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Editor’s note: The following message was shared by a resident of Tracy, California, who said she was compelled to contact as many people as she could reach this Easter weekend, the 25th anniversary of her life-changing experience.

My name is Lori Martin and I am from Tracy, California. I was hit head-on by a drunken driver in 1992. I was just 16.

Why did this happen? I had friends everywhere, wonderful grades, and was active on two high school sport teams. I had much to accomplish.

But on Easter weekend 1992 my priorities changed. I had to worry about staying alive.

It took about 40 minutes for rescuers, using the Jaws of Life, to free me from my crushed car. Medi-Flight flew me to St. Joseph’s Medical Center in Stockton.

About an hour after I was supposed to be home from work, my dad started looking for me. My parents simply guessed the car broke down.

Then Dad saw the mangled car and knew their assumptions were wrong.

At the site of the crash, a former CHP officer told him I was OK and a helicopter had flown me to a hospital in Stockton.

My dad rushed home, picked up my mom and they drove to St. Joseph’s.

My worried parents found out most of the injuries I had: A swollen brain, several damaged bones, collapsed left lung, two cracked ribs, torn tendons, multiple fractures, a lacerated liver, paralysis. I was in a coma.

“I’m sorry. It does not look good,” a doctor told them.

I fought for my life.

Two weeks after the crash, the driver of the car that hit me made a court appearance. The judge told him to return in two weeks with a Spanish translator. He never did.

During these weeks, police found out his blood alcohol level at the crash was .24, three times the legal limit of .08.

Being hit by a drunken driver ironically, made me stronger.

I overcame the odds by surviving.

After 33 days in intensive care at St. Joseph’s, an ambulance transported me to Golden State Rehabilitation Hospital in San Ramon. After four months, I broke from my coma and my days and nights were filled with therapy.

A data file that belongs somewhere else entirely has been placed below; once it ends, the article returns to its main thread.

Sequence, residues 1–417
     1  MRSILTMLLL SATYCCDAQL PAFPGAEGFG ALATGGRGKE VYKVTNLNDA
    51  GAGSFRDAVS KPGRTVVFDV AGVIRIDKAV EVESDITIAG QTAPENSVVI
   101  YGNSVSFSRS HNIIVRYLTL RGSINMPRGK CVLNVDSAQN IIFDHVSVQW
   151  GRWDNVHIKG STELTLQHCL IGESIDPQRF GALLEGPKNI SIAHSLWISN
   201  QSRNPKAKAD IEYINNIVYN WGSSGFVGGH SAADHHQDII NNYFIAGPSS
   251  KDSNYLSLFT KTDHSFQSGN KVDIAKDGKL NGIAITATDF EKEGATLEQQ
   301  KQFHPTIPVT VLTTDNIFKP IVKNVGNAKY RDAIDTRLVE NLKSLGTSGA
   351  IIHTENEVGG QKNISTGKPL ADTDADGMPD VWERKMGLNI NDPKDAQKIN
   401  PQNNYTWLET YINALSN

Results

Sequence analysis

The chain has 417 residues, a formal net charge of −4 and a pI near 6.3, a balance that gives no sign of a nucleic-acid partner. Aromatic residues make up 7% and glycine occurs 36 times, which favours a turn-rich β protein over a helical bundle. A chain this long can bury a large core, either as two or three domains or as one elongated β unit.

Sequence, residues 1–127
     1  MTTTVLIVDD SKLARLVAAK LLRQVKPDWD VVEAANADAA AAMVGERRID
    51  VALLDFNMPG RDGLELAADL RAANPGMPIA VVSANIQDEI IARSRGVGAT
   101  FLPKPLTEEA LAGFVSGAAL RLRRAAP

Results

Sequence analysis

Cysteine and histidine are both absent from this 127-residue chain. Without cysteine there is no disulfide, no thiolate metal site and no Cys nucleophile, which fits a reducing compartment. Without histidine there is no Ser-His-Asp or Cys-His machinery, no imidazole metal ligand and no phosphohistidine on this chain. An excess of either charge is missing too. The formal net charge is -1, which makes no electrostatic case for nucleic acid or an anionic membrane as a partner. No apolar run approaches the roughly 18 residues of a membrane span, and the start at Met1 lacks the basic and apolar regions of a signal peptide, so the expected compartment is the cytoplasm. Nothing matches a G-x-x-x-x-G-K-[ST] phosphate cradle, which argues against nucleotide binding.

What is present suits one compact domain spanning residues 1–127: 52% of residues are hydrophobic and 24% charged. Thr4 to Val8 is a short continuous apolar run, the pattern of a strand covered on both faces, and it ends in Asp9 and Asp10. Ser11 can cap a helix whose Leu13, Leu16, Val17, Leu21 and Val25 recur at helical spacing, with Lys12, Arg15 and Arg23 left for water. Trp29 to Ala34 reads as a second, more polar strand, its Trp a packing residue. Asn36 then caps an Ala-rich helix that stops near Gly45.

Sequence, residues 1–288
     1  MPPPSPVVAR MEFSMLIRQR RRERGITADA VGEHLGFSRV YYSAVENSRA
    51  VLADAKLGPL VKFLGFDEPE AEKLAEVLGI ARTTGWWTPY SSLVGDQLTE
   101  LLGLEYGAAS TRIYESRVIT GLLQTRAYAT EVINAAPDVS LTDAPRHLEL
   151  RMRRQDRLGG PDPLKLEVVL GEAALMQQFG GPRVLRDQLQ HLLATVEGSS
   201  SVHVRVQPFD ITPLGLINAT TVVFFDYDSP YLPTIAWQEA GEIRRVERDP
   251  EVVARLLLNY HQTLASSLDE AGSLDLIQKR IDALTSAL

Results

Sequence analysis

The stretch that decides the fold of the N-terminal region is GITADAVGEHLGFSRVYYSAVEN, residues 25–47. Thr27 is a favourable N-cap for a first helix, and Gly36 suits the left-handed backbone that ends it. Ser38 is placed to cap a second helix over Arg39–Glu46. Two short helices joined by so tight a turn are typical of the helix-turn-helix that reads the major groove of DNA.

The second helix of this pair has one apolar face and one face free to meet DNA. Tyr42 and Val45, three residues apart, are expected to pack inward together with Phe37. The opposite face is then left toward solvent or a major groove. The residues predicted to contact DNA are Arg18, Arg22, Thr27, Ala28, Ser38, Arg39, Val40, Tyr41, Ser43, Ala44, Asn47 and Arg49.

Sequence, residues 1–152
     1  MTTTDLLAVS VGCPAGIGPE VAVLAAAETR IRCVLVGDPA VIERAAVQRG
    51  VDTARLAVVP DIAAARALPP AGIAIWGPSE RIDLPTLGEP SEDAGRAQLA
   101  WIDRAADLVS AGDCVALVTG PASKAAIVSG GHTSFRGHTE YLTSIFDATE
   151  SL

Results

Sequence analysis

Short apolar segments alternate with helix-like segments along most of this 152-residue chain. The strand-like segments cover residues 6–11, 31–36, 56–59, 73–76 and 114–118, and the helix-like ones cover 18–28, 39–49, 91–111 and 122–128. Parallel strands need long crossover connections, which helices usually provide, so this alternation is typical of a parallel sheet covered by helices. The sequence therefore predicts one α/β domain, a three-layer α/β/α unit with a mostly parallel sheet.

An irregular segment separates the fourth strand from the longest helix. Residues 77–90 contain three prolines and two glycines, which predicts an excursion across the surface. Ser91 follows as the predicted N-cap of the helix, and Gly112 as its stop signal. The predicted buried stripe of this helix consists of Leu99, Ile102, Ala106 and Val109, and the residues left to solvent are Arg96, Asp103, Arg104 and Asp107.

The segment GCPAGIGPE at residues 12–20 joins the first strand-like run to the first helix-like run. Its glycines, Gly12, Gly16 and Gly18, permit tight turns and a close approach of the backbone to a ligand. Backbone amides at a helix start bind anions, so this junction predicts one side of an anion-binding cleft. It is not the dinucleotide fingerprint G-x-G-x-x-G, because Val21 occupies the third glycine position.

After I started to talk, people noticed that sometimes I had to read lips to communicate with someone.

Doctors figured the high fever resulting from the crash killed and injured some hearing cells. Others were not harmed. This affects me a great deal.

After six months at Golden State Rehab, I went home. I then spent 17 months relearning to talk clearly, walk and live independently at San Jose and Tracy. I now perform these tasks unaided.

In an instant my story could become your story. It can happen to anyone. Keeping drunken drivers off the roads is my goal.

Maybe this story of what happened to me will hit you harder than the fear of the DUI laws.

Driving after drinking too often is a life-changing event – for the one drinking and those who cross his or her path. Trust me, I know.

Lori Martin lives in Tracy, California.

 

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Comments
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  • Bill Reynolds

    There are too many such events like this are happening in America. Anyone think this was not caused by an illegal alien?

  • Ron Bischof

    Impaired driving isn’t permissible, anytime, anywhere, by anyone. There is zero right to drive drunk or stoned. None.

    Ms. Martin’s story is one of many who lives were tragically ended or forever altered by impaired drivers.